UPDATE: Jeanne Moos, the CNN journalist behind a controversial news report on the welcome of British Royals to New Zealand, has apologised for any offence caused.
“Duly noted,” she said.
“I do humour and satire, and I am truly sorry if the tone of my story offended anyone.”
Her apology followed the launch of a Change.org petition saying the reporter’s “blatant disregard for, and insensitive commentary concerning, the Maori culture and its customs are inadmissible”.
The leader of the petititon, student Jay Evett, told Radio Australia that he remains unimpressed by the apology.
“Her apology was, to say the least, lacklustre,” Mr Evett said. “She didn’t actually apologise for the content of her report, rather the tone and if people took offence to her tone.”
The petition has already gathered more than 25,000 signatures.
Yesterday, Mamamia reported:
This weekend, American news network CNN came to the Culturally Insensitive Party and danced everyone else off the floor. Their coverage of the Duke and Duchess of Cambridge’s ongoing tour of New Zealand wasn’t so much ignorant as it was downright offensive.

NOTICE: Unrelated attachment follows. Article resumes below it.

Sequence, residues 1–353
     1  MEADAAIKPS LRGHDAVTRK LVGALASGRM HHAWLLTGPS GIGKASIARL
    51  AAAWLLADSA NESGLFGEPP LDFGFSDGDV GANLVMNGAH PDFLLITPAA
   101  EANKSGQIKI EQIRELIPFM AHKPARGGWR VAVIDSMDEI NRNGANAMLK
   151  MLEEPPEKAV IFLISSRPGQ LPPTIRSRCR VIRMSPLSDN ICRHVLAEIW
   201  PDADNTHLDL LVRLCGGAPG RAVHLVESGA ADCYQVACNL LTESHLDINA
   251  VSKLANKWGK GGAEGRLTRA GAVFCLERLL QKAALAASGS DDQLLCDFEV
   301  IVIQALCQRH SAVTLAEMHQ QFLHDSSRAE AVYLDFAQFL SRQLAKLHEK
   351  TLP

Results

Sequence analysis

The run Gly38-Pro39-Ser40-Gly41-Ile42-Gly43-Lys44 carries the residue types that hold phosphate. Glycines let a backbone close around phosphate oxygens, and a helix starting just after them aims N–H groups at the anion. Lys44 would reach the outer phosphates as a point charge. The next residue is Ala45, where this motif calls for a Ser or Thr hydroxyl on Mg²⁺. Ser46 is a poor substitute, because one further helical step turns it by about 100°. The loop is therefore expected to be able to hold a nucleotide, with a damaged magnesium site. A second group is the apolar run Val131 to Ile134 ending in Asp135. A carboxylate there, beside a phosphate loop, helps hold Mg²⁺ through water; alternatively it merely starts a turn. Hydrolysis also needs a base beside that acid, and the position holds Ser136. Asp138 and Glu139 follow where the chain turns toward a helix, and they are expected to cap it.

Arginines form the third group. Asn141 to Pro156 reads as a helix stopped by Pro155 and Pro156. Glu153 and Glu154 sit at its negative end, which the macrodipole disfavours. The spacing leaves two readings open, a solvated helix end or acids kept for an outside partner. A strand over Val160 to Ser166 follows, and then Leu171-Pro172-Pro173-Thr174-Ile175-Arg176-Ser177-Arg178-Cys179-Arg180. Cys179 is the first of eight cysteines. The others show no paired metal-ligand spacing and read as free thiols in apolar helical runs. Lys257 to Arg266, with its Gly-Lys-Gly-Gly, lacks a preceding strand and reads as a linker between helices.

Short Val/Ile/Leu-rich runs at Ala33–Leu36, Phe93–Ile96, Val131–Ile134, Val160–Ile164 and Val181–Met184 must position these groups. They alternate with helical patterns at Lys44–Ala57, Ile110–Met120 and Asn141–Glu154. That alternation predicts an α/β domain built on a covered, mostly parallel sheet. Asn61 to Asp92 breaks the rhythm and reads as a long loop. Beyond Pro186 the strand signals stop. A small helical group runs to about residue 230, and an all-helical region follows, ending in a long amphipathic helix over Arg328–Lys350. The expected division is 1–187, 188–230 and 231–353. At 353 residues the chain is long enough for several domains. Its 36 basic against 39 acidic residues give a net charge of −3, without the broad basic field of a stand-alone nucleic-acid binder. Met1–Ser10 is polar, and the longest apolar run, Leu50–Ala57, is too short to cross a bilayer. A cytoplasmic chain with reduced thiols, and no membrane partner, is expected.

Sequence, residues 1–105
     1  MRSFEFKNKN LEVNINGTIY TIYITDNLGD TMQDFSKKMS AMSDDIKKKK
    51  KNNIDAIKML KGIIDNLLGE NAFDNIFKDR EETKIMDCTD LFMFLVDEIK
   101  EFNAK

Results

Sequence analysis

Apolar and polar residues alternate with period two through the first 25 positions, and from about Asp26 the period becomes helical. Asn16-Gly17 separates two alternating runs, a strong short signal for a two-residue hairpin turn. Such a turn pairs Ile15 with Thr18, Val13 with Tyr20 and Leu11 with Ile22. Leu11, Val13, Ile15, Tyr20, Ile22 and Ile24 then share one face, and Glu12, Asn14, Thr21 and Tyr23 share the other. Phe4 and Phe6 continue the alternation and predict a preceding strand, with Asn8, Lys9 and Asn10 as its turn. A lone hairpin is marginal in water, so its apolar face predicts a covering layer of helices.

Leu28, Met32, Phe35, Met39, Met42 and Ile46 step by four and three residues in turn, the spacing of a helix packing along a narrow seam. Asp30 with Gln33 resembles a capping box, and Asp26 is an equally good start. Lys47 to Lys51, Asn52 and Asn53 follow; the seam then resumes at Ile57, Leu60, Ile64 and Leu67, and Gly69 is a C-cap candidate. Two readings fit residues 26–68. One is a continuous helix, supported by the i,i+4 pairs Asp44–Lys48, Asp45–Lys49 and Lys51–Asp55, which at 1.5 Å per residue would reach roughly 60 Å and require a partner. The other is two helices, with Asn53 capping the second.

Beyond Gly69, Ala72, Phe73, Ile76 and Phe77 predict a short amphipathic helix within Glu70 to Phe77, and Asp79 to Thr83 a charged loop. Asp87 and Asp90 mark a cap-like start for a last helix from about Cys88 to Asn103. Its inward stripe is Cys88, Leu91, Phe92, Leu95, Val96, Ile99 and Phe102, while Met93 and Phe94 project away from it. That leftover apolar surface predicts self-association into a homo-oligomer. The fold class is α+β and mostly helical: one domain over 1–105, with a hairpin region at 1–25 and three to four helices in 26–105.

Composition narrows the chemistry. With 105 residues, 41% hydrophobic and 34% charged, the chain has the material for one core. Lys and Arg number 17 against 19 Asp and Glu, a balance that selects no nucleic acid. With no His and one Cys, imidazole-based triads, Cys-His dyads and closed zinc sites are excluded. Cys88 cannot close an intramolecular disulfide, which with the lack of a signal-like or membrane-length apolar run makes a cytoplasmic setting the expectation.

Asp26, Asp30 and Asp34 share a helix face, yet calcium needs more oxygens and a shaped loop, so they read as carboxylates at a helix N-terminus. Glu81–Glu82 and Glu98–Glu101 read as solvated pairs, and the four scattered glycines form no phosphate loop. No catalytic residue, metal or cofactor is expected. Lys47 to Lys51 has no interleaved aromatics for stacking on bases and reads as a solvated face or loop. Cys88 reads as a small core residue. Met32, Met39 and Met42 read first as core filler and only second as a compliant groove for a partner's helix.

Take a look:
Yep. That really just happened.
Forget wearing a native American Indian headdress at music festivals, the use of traditional designs on cheap throwaway teenage clothing or even chain store fashion lines called ‘Go Native’. At least (if they’re defensible at all), these examples are thoroughly misguided attempts to appreciate religion and culture. CNN’s reporting of the Duke and Duchess of Cambridge’s traditional greeting by Māori elders in New Zealand? It’s just out-and-out mocking.
There isn’t even a half-hearted attempt at respecting or understanding of the culturally significant ceremony being performed. Watching the video leaves the viewer with an uncomfortable sense of having been transported back to primary school; pointing and laughing at the classmate who is just a little bit different.
Now – even though it’s hard to know where to start – let’s attempt to break all this offensiveness down, shall we?
The video opens with references to a traditionally dressed Māori warrior as ‘the royal bummer’, which is terrifically funny and witty because of course the warrior’s buttocks was exposed.
But while being bare-bottomed might not be the state of dress the Duchess of Cambridge is used to being greeted in; the exposure of the warrior’s leg and buttocks tattoos is highly cogent.